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Staggered flowering for weekly/bi-weekly harvesting


If you’re growing indoors, have you tried staggered flowering?
What’s the advantage? what are the downsides?

Since I’m growing indoors, I thought that I would try using a staggered schedule for flowering. I saw something like it for lettuce (or cabbage) in a documentary and I wanted to try it for my plants :slight_smile: I’ve been doing it this way for over 2 years and I’m curious if there’s anyone else doing something similar.

I found that having a calendar handy while planning my schedule to be essential. I’m also using clones of strains I’ve been working with for a while, so I’m not guessing how long a plant will be in flowering.

You’ll need to set up your flowering area so that you can adjust the amount of light as the plants get bigger; so either you’ll need to be able to move the plants or the lights.

I’m limited to 8 plants flowering at one time, so I stick with strains that are have a 7-9 week flowering time. My goal is to harvest a plant about once a week, skipping a week when needed, but avoided having 2 ready in the same week; so with that in mind, I tend to focus on my target harvest dates and work backward to figure out when to start a new one.

For me, this works great; I’m not harvesting a bunch of plants all at once and I have a steady supply ready each week.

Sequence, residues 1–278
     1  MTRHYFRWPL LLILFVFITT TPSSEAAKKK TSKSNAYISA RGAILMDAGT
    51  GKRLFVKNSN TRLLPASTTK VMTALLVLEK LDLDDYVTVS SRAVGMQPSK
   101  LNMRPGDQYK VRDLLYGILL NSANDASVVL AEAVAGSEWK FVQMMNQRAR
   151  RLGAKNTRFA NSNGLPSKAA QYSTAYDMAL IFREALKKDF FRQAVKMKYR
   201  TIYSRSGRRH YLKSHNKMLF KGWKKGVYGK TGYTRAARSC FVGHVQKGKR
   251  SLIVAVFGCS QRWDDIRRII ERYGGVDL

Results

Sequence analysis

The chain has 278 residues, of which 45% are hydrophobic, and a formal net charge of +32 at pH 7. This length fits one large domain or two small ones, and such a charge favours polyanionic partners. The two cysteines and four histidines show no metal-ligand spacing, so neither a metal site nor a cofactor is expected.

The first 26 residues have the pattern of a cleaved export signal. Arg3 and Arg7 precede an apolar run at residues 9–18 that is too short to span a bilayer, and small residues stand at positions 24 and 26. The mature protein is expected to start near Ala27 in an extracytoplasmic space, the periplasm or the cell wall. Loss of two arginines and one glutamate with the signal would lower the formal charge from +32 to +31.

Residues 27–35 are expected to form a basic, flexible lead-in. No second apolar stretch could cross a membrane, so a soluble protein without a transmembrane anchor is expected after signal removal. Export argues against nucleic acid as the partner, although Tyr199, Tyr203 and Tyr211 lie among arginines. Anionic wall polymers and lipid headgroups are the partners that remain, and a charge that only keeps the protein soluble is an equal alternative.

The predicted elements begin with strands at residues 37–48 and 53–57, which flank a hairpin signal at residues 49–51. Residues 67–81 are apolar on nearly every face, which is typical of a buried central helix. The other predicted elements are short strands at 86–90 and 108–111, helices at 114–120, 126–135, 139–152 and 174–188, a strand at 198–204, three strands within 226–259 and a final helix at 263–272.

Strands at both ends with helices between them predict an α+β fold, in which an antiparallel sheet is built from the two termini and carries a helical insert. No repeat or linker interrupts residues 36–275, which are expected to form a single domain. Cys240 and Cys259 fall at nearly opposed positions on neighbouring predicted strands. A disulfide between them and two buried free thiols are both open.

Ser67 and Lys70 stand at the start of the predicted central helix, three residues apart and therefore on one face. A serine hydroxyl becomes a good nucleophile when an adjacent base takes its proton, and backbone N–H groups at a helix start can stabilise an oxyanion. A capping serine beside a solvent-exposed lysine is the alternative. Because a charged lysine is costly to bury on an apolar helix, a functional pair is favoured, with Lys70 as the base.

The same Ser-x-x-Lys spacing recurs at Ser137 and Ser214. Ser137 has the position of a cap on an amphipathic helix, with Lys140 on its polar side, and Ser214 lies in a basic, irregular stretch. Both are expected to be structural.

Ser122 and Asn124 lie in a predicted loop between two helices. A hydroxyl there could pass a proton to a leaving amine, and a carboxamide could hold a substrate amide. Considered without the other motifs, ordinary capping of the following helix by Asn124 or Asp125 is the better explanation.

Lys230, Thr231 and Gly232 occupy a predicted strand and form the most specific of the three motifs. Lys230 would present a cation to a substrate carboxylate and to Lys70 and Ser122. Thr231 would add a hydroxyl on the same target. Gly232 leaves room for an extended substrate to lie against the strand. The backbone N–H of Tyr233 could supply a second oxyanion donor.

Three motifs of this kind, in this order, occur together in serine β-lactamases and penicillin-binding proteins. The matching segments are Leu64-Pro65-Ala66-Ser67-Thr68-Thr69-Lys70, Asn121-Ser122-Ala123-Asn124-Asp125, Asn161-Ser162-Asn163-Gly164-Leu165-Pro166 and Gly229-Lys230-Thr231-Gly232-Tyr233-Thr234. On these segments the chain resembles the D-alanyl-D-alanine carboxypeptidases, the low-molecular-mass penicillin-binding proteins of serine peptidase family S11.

One of the major drawbacks is that I’m pretty much harvesting a plant a week so that’s always on my todo list… and if something wipes out the entire crop, it’ll take a while to get back up and running at full.

So what do you all think? Am I just eccentric or am I on to something (at least from a hobbyist/personal grower point of view)?


Hi. I use the staggered approach myself. Have had my setup running now for going on 6 yrs and that turned out to be the most manageable way to handle my plants. I typically harvest 2-3 plants at a time after staggering start times in flower cycle and using strains that finish at around the 2 month mark. It’s worked out great.


Sea of Green technique works great for this


SOG with ebb and flow is ideal for a staggered flower grow - you can introduce new clones in groups a week apart, harvest several small plants every week.

If you had a 3x3 tray you could potentially grow 6 rows of 5 or 6 plants in it with 6"x6" square pots and just introduce each row a week or two apart - start new clones every week to refill.

I haven’t done this yet myself - I am set up to do it and am planning on doing it at some point. I’m sidetracked right now with breeding stuff.


So would you keep your nutrients the same for all stages of flower seemingly?


Good question. :smiley:

I would, yes. I would likely just run straight Lucas type schedule (in my case Jacks 3-2-1) the whole grow and not try to introduce PK boosters, etc. This will be something I’d have to experiment with to determine the best nutrient schedule for all stages of flower. There are people who run multiple trays or segmented trays with different reservoirs to address this.